Swiss Re released its preliminary estimates for losses from the magnitude 8.8 earthquake that hit Chile on February 27 – $500 million – and from European windstorm Xynthia – $100 million. Both estimates are “net of the benefits of retrocession.”
The bulletin noted that the earthquake had “caused several hundred fatalities and triggered severe property damage along a coastal stretch of 600 km. [375 miles]. The strongest shaking around the epicenter affected less densely populated areas. However, several cities, including the greater Santiago area with a population of more than 5 million, also experienced severe and sustained tremors. This caused damage to several hundred thousand buildings despite the highly advanced anti-seismic construction standards in Chile.”
Unlike the situation in many countries, in Chile it is “common practice for owners of mortgaged residential property, commercial and industrial property to buy earthquake insurance from local and global private insurance companies,” the bulletin explained. “Accordingly, this latest earthquake will lead to significant insurance claims for property damage and business interruption which are designed to facilitate a swift economic recovery.”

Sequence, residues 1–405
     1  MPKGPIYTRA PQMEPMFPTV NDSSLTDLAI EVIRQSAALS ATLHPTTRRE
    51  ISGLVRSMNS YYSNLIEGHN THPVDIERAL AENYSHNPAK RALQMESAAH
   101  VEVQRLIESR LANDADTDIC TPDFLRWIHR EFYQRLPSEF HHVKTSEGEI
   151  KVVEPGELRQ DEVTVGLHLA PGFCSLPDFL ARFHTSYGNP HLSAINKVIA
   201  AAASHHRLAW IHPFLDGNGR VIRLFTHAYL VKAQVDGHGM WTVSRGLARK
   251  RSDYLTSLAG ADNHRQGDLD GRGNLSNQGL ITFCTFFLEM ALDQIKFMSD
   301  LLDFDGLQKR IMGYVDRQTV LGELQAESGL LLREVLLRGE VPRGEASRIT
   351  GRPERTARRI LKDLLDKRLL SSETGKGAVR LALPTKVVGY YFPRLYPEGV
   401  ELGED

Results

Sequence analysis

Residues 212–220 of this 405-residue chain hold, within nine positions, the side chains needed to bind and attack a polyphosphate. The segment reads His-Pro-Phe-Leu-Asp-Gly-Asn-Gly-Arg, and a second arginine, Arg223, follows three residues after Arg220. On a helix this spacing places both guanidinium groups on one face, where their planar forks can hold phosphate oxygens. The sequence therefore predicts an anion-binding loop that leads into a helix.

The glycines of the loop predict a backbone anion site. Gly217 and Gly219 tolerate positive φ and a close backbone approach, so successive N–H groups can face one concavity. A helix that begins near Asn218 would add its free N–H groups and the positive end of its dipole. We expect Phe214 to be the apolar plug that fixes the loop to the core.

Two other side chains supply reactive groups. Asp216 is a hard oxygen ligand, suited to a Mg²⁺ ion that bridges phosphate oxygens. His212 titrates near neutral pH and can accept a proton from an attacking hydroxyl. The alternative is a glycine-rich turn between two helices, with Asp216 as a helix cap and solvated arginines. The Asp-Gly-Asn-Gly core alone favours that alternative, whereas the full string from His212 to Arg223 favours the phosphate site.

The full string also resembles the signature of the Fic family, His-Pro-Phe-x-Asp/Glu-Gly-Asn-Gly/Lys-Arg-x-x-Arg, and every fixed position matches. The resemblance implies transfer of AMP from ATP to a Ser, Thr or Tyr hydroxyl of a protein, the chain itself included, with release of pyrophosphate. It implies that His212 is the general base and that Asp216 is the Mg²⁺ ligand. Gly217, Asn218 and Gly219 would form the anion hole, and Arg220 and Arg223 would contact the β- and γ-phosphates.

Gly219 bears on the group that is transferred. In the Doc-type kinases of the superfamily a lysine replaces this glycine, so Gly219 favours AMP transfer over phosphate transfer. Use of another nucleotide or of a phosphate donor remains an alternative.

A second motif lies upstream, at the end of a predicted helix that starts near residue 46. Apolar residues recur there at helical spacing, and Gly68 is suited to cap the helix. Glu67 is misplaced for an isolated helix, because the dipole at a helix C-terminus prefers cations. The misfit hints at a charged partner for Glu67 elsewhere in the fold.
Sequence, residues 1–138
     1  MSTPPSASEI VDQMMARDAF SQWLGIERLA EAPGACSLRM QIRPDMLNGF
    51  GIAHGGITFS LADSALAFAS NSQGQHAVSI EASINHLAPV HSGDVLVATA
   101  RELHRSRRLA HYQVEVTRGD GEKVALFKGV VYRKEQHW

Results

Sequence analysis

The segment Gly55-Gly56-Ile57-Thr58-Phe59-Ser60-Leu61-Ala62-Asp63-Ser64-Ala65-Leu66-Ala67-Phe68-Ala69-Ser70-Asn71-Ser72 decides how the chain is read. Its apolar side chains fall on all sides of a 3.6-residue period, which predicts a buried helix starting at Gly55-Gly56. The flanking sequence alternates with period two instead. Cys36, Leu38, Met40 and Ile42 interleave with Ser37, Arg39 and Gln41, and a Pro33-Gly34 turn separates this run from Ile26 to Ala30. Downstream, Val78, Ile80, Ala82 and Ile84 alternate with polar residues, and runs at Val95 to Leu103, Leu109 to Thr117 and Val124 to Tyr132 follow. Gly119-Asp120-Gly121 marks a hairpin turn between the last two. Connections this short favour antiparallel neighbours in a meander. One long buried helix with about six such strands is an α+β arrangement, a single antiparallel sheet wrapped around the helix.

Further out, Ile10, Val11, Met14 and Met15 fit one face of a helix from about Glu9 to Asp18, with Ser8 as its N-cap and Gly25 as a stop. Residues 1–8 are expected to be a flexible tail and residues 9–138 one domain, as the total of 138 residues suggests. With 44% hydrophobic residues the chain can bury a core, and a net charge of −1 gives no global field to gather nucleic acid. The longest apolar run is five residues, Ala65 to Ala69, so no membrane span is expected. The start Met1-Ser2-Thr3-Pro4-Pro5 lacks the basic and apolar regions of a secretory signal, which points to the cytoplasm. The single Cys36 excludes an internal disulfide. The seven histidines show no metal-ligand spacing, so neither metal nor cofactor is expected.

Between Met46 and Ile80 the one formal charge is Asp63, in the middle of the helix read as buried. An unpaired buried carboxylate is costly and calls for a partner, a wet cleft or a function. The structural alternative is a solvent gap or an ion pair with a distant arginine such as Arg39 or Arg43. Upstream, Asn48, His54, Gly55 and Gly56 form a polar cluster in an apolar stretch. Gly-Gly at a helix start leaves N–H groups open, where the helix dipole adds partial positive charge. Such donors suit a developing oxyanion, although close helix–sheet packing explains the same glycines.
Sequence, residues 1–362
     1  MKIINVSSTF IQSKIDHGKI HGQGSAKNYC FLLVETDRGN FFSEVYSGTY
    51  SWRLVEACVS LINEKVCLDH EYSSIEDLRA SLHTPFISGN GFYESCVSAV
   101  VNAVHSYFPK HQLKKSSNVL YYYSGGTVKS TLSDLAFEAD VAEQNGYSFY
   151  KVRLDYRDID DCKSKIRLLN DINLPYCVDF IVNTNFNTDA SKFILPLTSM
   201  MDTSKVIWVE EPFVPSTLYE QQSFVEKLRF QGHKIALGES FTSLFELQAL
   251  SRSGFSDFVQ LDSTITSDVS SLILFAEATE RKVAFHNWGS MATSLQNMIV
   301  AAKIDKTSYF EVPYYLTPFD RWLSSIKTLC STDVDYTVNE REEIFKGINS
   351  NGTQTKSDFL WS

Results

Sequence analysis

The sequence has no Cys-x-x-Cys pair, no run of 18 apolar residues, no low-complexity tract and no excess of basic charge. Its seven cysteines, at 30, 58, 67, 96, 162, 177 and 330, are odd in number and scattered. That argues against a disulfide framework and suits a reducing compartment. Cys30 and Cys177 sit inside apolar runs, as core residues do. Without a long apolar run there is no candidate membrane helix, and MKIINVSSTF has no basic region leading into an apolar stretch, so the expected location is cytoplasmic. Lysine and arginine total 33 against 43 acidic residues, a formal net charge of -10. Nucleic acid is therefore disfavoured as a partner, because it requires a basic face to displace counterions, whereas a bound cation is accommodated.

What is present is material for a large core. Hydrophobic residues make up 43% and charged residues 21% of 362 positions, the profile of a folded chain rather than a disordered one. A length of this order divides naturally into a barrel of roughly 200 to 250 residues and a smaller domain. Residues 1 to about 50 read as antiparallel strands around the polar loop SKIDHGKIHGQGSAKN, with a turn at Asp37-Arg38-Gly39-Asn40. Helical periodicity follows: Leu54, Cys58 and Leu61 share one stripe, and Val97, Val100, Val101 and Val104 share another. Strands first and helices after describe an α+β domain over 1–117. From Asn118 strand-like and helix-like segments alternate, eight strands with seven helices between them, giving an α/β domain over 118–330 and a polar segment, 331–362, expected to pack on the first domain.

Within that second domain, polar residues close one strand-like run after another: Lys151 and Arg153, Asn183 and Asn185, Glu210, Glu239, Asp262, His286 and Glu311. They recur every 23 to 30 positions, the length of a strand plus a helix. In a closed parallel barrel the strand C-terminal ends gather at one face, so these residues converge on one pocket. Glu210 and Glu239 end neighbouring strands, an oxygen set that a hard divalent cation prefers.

Swiss Re’s preliminary estimates are based on an industry wide loss estimate of between $4.0 billion and $ 7.0 billion. The bulletin explained that the “broad range reflects variances in key single risk losses and loss amplification effects.” It also cautioned that the “uncertainties in estimating losses from such an event are significant, and this preliminary estimate may need to be adjusted as new information becomes available.”
Concerning Xynthia, Swiss Re noted that the “violent European windstorm” that crossed Western Europe on February 26–28 had followed “a rather unusual track from south-west to north-east. The storm reached its peak intensity over northern Spain and France. While its peak gusts remained well below those observed during winter storms Lothar or Klaus, Xynthia did trigger massive storm surges along the French Atlantic coast, where most of the fatalities were recorded.”
In addition the bulletin explained that coverage against wind and flood damage is “standard practice in the countries affected by Xynthia. These covers are provided by state-run cover schemes (CatNat in France, Concorcio in Spain) and by the private insurance sector.”
Source: Swiss Re – www.swissre.com
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